For those of you who don’t know me I am a very proud member of the Washington Furies, a new Referee for the PSRFR (just passed the test last week…yay!) and a former (but proud) member of the Austin Valkyries. I support USA Women’s Rugby at every opportunity.
I AM a MTF rugger, and have played with and partied with MANY of you over the past 4-5 years at any of a dozen-or-so tournaments or development weekends.
Here are THE official rules…and if anyone needs to know more they can contact me.
1) USA Rugby follows the USOC and IRB follows the IOC (the US and International Olympic Committee) on eligibility for transsexual athletes.
2) USOC defers to the IOC for it’s rules
3) The IOC ruled on May 17th, 2004 that transsexual athletes must meet the following 3 requirements to participate in the athletics they govern. All athletics follow the same guideline.
a) The athlete must have legally changed their gender, and it must be recognized by their country’s government (i.e. change to the legal docs like passports, social security and the like to go from ‘M’ to ‘F’)
b) The athlete must have completed sexual reassignment surgery, and have a letter from their doctor to support this fact.
c) The athlete must complete two years of post-operative hormone replacement therapy under medical supervision.
4) USA Rugby requires the following in order for the athlete to participate:
a) The athlete must provide proof of legal gender change (copy of drivers license, passport, or other such documents should suffice)
b) The athlete must provide proof of completed SRS (I sent my doctors letter as certification)
c) The athlete must wait until at least the 2nd anniversary of their SRS date to participate in Rugby under their reassigned-gender.
5) Once the requirements are met, there are NO LIMITATIONS on the events the athlete may participate in. Once eligible, they may progress to any level of play…It is worthy to note that there are players at the international level on southern hemisphere teams who have completed this process.
Unfortunately, due to various physiological reasons it is not possible for pre-op athletes of either birth gender to play in their selected gender do to advantages/disadvantages gained via the primary sex hormones.
If you need to know anything else, just ask. I am always willing to help respectful ruggers understand the process, and the reasoning behind the IOC decision.
I thought this was informative and wanted to share it with you. Further thoughts?
Sunday morning, I woke up pretty early and our entire neighborhood was shrouded in fog.
Like a cloud had fallen out of the sky and decided to sit there and rest for a while.
I ate some cereal and decided to take a walk out in the fog, because it was still pretty warm out and I hoped a walk would energize me for the rest of the day.
Now living with my sister, we’re only a block off of one of my city’s major lakes. Our apartment is the second floor of a converted 1950s gas station. Most of the houses in the area are old brick or wooden victorian-era homes and the people who live in this neighborhood are a very eclectic mix of artists, professionals, students and lots of hippies. It makes for interesting houses with interesting yards.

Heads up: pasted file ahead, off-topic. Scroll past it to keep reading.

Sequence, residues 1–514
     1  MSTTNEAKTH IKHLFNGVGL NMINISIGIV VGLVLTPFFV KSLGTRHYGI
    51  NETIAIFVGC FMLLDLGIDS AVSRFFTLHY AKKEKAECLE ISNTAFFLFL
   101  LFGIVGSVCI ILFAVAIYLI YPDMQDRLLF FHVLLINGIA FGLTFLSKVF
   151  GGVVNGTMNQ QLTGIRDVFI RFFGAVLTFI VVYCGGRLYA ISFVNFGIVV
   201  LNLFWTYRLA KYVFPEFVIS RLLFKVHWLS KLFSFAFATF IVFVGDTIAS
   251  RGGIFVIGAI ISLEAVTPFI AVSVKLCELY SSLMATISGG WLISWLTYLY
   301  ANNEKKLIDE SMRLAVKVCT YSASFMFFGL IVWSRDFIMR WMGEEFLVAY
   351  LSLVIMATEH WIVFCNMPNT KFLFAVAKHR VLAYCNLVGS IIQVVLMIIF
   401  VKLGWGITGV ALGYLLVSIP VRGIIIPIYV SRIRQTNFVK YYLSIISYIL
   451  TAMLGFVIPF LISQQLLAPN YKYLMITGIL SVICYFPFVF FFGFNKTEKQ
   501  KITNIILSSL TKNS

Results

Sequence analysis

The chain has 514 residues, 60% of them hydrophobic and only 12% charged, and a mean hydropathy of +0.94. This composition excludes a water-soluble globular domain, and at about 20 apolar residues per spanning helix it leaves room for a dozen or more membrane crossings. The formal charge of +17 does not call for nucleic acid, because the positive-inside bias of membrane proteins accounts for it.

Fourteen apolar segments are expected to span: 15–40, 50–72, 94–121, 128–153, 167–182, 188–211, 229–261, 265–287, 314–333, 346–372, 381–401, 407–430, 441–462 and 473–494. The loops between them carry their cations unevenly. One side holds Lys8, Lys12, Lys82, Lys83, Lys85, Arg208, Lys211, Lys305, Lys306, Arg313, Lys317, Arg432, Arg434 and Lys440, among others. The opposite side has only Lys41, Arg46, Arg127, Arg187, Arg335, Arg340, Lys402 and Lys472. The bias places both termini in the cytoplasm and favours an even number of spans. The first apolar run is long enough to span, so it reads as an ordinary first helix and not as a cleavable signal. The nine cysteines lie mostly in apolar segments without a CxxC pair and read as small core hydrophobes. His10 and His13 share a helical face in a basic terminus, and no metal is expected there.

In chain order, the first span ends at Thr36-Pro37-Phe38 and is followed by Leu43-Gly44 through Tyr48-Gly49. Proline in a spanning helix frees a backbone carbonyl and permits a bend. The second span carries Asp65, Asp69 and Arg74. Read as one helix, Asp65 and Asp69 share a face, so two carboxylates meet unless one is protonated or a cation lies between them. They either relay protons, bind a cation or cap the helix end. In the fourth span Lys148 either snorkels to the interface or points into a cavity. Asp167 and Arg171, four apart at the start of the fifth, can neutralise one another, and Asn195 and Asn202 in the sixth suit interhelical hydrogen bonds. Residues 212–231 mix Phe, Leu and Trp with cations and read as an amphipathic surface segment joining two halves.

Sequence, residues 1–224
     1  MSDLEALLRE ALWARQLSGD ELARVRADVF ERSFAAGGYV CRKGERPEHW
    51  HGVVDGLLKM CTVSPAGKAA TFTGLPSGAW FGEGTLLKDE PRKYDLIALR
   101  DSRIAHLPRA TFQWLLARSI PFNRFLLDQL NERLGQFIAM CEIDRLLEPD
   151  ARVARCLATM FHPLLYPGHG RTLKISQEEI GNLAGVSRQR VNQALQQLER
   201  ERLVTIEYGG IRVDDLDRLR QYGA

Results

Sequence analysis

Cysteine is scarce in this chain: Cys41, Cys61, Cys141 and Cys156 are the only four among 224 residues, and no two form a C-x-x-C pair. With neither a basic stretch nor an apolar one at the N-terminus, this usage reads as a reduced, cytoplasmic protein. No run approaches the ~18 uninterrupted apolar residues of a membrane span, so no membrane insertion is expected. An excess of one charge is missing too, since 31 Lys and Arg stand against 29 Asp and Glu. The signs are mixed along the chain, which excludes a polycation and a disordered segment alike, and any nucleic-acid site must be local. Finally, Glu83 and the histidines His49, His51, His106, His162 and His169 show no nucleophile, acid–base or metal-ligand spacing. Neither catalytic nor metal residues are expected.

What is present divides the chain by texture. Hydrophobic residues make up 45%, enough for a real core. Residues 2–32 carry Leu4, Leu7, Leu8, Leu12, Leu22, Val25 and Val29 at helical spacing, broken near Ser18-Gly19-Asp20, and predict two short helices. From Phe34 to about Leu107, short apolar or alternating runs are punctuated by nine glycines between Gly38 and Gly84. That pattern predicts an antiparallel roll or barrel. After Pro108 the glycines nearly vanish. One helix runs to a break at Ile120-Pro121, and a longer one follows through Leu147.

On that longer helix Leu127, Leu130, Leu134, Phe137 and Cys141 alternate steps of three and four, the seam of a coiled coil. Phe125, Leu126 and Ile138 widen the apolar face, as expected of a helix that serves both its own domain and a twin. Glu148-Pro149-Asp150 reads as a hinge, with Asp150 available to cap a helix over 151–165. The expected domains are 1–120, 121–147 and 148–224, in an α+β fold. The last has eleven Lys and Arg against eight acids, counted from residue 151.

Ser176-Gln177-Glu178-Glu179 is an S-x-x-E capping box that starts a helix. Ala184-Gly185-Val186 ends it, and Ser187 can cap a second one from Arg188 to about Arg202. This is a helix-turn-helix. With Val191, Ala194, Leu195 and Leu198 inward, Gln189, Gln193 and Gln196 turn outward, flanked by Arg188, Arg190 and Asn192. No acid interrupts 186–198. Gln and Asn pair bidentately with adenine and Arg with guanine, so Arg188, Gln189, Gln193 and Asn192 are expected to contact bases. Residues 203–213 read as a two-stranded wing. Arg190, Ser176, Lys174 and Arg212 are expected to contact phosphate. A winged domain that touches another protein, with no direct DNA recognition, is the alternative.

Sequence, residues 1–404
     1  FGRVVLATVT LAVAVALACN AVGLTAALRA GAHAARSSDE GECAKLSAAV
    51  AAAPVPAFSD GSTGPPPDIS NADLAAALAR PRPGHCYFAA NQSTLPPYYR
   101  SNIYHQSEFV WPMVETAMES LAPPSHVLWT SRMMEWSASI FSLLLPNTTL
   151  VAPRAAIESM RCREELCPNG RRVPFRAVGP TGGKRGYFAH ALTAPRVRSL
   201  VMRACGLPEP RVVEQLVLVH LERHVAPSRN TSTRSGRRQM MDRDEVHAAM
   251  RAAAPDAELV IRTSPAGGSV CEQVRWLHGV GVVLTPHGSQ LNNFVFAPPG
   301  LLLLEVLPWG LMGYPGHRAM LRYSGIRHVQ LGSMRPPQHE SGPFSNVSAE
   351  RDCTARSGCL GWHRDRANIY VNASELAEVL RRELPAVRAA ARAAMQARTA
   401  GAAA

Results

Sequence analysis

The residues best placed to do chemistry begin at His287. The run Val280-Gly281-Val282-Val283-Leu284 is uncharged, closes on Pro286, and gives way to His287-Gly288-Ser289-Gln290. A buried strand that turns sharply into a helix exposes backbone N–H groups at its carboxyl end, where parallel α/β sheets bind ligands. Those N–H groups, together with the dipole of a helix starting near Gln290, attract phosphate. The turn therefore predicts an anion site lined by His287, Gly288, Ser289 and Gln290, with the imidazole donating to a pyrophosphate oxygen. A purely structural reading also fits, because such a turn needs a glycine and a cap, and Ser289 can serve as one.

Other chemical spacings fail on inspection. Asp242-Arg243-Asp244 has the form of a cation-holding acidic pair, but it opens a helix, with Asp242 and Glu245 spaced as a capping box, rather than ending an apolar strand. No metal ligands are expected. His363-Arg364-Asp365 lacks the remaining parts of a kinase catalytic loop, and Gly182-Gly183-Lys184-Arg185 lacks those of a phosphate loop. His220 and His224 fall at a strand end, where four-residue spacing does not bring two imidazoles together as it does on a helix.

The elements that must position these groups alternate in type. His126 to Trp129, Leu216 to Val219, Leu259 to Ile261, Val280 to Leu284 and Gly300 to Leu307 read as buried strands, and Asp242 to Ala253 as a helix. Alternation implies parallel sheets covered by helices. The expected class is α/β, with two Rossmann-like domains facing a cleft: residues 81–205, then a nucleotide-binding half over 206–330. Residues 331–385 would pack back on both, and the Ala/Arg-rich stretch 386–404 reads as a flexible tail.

I walked up to the street nearest the lake and started walking, thinking only that I would stay on whatever street ran closest to the lake. This proved to be a very surreal choice, since the fog near the lake stayed quite thick and throughout the walk, I could only see about 100 feet around me in any direction. It was like I was alone in a dream. And sometimes another person walking or running would emerge from the fog and pass me, but for the most part I was alone for almost the entire hour of my walk.
The sun would also shine through the fog at times, cutting through in small beams like a strobe light, only to be swallowed back up by the fog again later. There was mist in the air from the fog, which covered my hair in little crystal drops and made my curls tighten up in their craziness. I must’ve looked a bit mad, walking around in the fog, misted curly hair, big smile on my face as I kept spying small signs of spring everywhere and the sun kept climbing higher above my fogbank.
Tulips, daffodils and hyacinths were all sprouting their green leaves, while early crocuses burst forth with their small clusters of yellows, purples and whites. Robins hopped around and squirrels were scurrying all over, inevitably trying to remember where they had hidden their precious stashes last fall. It was good to be alone in my thoughts, in my walk, in the fog, as I just kept powering my legs forward.
Eventually, as I started back home, the sun was high enough that the fog began to burn off. By the time I got back home, it was like the fog had never even existed. I wish I had brought my camera with me to capture what it was like walking in the fog yesterday morning. Probably one of the best mornings I have spent by myself in many years.
I used mapmyrun to figure out how long my route was on my fogwalk. 3.5 miles. I may use this same route for a run some day.
Yesterday was also my 29 and one-half birthday. Six months until I’m 30.